Despite good progress, Cambodia is still a highly aid-dependent economy with per capita aid of US$ 33 on average between 1999 and 2005. Foreign financing accounted for 33 percent of total spending in 2006. In June 2007, the first Cambodia Development Cooperation Forum was organized and, in a break from the Consultative Group meetings it replaces, it was chaired and fully prepared by the Government. An aggregate pledge of US$ 700 million was received from donors, targeting activities in line with the National Strategic Development Plan (NSDP) for 2006-2010.In July 2007, the World Bank approved a first Poverty Reduction and Growth Operation, which has been prepared jointly with a group of donors that are expected to co-finance it.
The first area of reform is public financial management, a reform area led by the Ministry of Economy and Finance (MEF) and involving some 13 donors, which has been instrumental in delivering some of the progress on the fiscal side.Budget execution is improving, pilots programs for budgeting have been introduced, procurement is being strengthened, and public financial management increasingly relies on the banking system.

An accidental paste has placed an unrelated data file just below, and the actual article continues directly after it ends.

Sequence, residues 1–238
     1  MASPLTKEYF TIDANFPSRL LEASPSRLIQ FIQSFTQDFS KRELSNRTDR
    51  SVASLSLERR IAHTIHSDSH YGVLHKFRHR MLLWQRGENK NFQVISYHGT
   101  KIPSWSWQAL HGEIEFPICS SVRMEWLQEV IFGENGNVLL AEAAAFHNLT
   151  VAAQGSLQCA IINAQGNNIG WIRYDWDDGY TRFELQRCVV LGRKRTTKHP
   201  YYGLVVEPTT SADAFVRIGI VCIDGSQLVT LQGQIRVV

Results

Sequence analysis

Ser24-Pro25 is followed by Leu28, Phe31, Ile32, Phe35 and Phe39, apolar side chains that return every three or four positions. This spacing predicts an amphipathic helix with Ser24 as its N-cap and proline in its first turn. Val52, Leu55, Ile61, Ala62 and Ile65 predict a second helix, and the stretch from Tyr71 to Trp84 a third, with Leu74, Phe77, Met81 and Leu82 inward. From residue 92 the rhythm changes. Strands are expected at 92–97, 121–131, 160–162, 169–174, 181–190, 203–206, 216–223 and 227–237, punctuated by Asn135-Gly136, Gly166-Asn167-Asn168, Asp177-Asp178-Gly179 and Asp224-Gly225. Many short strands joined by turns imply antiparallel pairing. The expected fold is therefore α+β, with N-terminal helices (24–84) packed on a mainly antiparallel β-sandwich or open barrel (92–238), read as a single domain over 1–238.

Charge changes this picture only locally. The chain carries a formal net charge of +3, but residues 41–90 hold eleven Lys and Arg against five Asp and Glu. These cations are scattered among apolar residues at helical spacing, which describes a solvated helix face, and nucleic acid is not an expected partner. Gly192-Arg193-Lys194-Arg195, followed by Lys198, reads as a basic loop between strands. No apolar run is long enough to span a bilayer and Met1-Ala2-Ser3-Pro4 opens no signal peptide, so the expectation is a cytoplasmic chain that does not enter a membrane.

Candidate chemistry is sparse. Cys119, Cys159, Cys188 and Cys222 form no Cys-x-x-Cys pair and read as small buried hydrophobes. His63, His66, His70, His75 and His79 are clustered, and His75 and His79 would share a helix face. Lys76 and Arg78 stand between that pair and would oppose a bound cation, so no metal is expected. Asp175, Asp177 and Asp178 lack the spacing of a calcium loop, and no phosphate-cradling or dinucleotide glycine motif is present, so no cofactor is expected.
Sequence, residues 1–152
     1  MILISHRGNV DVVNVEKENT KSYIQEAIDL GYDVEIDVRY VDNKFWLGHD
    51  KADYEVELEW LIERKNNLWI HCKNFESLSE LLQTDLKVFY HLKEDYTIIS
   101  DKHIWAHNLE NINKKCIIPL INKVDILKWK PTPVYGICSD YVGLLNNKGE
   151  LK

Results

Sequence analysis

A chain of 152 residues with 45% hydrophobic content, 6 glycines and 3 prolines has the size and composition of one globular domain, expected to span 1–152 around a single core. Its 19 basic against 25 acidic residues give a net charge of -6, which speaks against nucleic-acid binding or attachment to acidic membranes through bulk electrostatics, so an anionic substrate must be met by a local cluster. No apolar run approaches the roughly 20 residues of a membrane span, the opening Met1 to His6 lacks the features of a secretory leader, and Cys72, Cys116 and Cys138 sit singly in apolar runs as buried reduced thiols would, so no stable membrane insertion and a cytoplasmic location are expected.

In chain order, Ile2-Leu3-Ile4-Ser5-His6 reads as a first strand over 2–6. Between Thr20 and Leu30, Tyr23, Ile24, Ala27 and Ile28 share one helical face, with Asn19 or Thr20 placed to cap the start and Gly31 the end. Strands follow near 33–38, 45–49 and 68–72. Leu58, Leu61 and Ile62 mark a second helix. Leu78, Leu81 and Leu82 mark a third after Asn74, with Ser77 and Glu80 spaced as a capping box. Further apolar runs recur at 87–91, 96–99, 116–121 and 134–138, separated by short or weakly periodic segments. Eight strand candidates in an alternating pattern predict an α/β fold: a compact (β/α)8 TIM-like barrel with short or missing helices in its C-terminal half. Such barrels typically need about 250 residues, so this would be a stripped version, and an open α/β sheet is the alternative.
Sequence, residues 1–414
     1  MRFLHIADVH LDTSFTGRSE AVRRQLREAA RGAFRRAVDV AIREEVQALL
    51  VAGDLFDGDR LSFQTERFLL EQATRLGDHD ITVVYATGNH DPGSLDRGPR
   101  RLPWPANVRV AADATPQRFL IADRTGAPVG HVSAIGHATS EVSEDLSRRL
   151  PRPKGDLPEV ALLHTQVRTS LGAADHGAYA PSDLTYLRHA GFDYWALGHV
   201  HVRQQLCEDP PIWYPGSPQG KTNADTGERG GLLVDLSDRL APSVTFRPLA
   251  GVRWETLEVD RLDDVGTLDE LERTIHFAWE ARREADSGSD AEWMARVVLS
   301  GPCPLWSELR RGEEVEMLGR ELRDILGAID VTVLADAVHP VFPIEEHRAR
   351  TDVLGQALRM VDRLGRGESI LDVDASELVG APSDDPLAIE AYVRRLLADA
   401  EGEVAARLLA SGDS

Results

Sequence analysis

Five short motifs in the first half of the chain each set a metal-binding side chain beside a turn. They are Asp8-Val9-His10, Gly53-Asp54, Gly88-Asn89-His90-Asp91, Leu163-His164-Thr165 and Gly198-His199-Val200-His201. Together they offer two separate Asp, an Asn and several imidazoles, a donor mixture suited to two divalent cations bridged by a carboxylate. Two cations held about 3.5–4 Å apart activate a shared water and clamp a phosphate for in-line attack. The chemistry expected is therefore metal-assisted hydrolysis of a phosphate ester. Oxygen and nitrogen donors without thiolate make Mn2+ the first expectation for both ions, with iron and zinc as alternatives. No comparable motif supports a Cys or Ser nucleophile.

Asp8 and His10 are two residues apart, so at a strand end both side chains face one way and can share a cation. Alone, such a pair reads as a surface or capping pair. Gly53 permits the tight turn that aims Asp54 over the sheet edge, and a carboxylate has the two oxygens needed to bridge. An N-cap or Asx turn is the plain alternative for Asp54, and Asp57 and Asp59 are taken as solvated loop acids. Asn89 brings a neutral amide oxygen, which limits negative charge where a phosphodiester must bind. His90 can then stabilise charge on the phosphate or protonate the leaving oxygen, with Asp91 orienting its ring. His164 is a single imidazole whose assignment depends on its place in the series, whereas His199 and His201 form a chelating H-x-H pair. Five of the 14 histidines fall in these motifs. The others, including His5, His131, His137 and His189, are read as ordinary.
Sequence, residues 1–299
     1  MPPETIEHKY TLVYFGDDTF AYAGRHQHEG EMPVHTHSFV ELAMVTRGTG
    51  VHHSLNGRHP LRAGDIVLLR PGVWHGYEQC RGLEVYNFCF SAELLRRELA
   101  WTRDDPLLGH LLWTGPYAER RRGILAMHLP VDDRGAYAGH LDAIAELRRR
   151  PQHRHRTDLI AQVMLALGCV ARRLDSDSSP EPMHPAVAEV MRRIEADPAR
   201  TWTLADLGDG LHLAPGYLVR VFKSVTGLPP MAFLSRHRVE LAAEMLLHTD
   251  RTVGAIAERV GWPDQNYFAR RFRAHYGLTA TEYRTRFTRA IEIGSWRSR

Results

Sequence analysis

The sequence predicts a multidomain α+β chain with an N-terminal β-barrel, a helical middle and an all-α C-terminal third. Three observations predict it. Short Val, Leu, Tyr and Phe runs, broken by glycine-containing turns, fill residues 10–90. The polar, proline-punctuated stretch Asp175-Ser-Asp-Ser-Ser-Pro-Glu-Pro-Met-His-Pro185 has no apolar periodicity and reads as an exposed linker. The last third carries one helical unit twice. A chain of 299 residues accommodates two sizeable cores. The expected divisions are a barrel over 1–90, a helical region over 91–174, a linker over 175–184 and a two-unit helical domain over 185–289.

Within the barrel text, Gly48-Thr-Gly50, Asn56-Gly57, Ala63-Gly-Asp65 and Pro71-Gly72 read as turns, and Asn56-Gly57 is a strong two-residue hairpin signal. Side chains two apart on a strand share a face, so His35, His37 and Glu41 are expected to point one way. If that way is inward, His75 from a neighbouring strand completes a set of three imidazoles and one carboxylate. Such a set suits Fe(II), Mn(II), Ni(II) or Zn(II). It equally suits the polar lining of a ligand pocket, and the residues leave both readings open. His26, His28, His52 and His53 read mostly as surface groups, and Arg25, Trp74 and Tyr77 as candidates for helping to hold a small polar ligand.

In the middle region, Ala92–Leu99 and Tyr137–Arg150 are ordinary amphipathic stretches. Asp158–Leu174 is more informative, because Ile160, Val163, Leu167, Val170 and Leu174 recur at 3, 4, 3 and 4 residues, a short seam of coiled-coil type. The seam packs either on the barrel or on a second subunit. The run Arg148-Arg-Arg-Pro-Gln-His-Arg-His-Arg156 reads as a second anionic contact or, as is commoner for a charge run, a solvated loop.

Progress in this area is also underpinned by an innovative Merit-Based Pay Initiative in MEF. Second, in the area of private sector development, some progress is being made toward improving trade facilitation and investment promotion.The customs law and the law on concessions were passed in 2007. Electronic customs declaration through a Single Administration Document (SAD) will be piloted at the end of 2007 and rolled out in 2008. The new ASEAN Harmonized Tariff Nomenclature (AHTN) with 8,314 tariff lines and average un-weighted tariff of 14.3 percent was implemented in July.
There is also progress on land and natural resource management, such as rapid land titling and initial steps toward disclosure of economic land concessions, although substantial challenges remain.Cambodia has also made progress in social sectors in recent years.